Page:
The Philippines’ outreach for renewable energy

The Philippines’ outreach for renewable energy

The Philippines is making a major push to develop renewable energy. While the country has natural advantages for the development of renewables in addition to pro-renewables governmental policies, Wärtsilä’s flexible energy solutions are the missing link to enable the fulfilment of this ambitious plan. Learn more.

Text: David J. Cord Photo: 123RF

The Philippines is facing a significant energy challenge. The demand for energy is increasing drastically, but the country has some of the highest energy prices in southeast Asia. This disparity stems from the way the Philippines produces energy. In 2017, coal and oil accounted for 27% and 34%, respectively, of its primary energy. Moreover, much of this was imported: only 51% of the country’s energy mix was from domestic sources.

Yet the Philippines has an ambitious plan to sustainably increase and improve its energy supply. The Department of Energy’s power development plan aims to increase energy capacity while simultaneously making it more economic, flexible and less polluting.

“Investing in renewable energy to power the future is one of the flagship programs of the government,” explains Mylene C. Capongcol, Director of the Renewable Energy Management Bureau at the Department of Energy in the Philippines.

“The rapid deployment of renewable energy has been driven by a wide range of objectives, which include advancing economic development, improving energy security, enhancing energy access, catalysing rural development and job creation, and mitigating climate change,” says Capongcol.

“Altogether, these drivers can be described as the pursuit of sustainable development.”

To meet its renewable energy goals, the government is recommending more investments in renewable energy technologies and providing incentives for developers.

Use your advantages

The Philippines has some natural advantages for the development of renewables. Like Iceland, the Philippines is in a geologically active part of the world and they have developed geothermal energy since the late 1970s. The rivers and mountains are perfect for hydropower, and the country is also a  feasible place for solar and wind generation. Most importantly, there is a strong focus on renewables from decision-makers.

“The Philippines’ Renewable Energy Act was deemed the first in Southeast Asia to have a comprehensive legislation on renewable energy,” Capongcol says. “The primary goal is to achieve energy self-reliance through the accelerated exploration and development of renewable energy sources.”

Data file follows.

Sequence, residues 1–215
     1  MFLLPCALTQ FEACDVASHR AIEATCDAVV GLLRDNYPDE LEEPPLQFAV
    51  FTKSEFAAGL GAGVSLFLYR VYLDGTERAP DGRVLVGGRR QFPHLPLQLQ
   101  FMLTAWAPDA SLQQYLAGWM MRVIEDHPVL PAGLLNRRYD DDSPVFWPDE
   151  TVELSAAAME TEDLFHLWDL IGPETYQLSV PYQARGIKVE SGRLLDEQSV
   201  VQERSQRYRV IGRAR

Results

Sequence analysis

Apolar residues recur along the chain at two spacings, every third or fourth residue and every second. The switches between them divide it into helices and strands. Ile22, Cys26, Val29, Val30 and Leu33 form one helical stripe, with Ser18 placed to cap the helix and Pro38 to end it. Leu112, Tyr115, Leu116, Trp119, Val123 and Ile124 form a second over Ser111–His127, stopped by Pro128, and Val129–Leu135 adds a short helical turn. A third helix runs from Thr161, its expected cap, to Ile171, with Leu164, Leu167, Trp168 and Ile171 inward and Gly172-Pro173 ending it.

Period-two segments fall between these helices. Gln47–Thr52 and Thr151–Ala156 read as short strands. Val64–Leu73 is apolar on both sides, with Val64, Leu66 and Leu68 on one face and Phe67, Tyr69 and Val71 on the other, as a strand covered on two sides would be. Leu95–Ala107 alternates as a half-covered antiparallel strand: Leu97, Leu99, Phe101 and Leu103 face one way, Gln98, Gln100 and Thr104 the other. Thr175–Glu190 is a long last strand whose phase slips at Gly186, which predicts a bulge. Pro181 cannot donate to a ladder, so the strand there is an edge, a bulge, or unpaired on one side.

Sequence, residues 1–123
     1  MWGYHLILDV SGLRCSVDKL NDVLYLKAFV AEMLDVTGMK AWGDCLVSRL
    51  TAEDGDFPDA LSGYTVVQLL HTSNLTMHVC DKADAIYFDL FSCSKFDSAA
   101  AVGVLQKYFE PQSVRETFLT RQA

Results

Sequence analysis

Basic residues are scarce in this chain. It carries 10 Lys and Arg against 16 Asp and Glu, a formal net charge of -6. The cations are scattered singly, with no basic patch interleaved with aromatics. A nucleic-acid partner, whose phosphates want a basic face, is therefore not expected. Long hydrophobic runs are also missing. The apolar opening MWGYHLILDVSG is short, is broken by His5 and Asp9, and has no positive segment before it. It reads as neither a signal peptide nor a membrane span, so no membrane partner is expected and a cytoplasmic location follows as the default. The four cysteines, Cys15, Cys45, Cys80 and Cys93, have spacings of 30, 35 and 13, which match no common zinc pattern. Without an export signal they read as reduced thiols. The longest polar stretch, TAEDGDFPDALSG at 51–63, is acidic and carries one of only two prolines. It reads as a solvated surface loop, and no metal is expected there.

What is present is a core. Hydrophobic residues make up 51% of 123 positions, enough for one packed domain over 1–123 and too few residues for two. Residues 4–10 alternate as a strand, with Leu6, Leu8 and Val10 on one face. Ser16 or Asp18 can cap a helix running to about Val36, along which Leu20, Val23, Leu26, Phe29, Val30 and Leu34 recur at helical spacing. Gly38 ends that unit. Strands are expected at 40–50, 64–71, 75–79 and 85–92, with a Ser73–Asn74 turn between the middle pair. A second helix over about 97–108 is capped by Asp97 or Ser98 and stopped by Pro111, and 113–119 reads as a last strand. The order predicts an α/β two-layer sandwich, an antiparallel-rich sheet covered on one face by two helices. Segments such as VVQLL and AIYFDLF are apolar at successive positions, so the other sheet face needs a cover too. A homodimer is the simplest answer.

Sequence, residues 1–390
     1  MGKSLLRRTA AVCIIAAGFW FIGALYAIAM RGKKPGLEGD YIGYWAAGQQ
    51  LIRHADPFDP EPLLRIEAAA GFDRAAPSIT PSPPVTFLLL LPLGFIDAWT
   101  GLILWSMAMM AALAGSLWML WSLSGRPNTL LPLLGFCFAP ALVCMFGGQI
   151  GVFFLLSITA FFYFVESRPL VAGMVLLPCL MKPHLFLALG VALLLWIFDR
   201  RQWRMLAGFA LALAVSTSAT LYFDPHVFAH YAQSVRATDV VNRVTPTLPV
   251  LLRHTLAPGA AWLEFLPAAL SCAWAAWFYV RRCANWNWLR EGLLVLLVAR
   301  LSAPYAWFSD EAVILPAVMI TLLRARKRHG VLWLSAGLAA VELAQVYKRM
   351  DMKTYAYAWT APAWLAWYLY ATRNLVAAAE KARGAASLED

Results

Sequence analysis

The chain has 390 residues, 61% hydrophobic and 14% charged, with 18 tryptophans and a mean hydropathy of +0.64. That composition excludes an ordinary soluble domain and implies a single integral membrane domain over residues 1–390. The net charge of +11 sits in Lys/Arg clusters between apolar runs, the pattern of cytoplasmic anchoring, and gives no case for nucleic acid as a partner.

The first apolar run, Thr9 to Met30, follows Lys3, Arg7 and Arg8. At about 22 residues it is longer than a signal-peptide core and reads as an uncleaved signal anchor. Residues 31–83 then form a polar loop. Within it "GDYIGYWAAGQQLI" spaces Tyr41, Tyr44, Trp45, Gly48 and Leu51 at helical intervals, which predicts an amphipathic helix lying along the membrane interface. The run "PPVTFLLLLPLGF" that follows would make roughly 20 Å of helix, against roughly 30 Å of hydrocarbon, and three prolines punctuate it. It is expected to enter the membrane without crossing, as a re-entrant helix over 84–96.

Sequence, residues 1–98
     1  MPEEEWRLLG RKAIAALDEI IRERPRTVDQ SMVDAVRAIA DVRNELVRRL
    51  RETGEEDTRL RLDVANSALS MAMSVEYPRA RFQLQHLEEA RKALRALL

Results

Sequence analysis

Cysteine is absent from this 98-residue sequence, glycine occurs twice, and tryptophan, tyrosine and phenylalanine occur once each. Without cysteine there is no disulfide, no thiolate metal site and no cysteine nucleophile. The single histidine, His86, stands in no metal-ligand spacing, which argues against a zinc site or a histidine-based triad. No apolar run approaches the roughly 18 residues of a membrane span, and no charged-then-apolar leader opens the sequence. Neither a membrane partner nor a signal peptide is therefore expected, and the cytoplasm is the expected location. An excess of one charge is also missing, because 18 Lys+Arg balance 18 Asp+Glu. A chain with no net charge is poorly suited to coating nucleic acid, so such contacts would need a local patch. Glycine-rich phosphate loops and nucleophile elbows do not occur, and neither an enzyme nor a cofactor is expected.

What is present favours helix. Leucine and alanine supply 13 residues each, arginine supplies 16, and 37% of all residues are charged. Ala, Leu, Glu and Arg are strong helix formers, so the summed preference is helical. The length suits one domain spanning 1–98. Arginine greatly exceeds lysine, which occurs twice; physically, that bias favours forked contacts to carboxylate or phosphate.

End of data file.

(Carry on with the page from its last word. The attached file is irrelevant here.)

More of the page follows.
The Philippines offers fiscal and non-fiscal incentives to promote renewables, such as feed-in tariffs during early days and net-metering, most recently a mandatory requirement for producers to carry a minimum share of renewables and the option for customers to purchase renewable energy.

Cheap solar, expensive coal

The results are impressive: as of March 2018, the DOE had awarded 880 renewable energy contracts with another 192 applications pending. The long-term plans are even more impressive, with a tripling of renewable energy capacity to 15,304 MW in 2030. Renewables would make up at least 35 per cent of supply if this goal is reached. So, the Philippines are clearly on the path towards 100% renewable future.

Market forces are also helping to promote renewables. The cost of electricity generated from solar and wind has plunged in recent years. Additionally, the Philippines has added a hefty tax on imported coal, making renewables the cheapest source of electricity already today.

“New baseload coal or combined-cycle power plants are not any more feasible with current electricity market prices,” says Ville Rimali, Business Development Manager with Wärtsilä Philippines. “Already solar is the cheapest in many cases. Wholesale prices have gone down and the price trend remains downward, which challenges baseload generation.”

Adaptability is the key

Yet, challenges remain. One is the mismatch between demand and how renewable energy is supplied. The Philippines’ sophisticated modelling can predict demand for energy quite accurately, yet forecasting the energy generated by wind and solar is difficult. Moreover, wind blows when it blows, not when energy is needed. This requires much more flexibility built into the system.

“Wärtsilä can help provide balancing power solutions which give more flexibility in the power system,” Rimali explains. “In this new era of power generation, you need flexible power plants which can start up in minutes. We will also see more energy storage capacity already this year. Luckily the Department of Energy and private players on the energy sector know that the world is changing and they have renewed their power development plans to reflect this new reality.”

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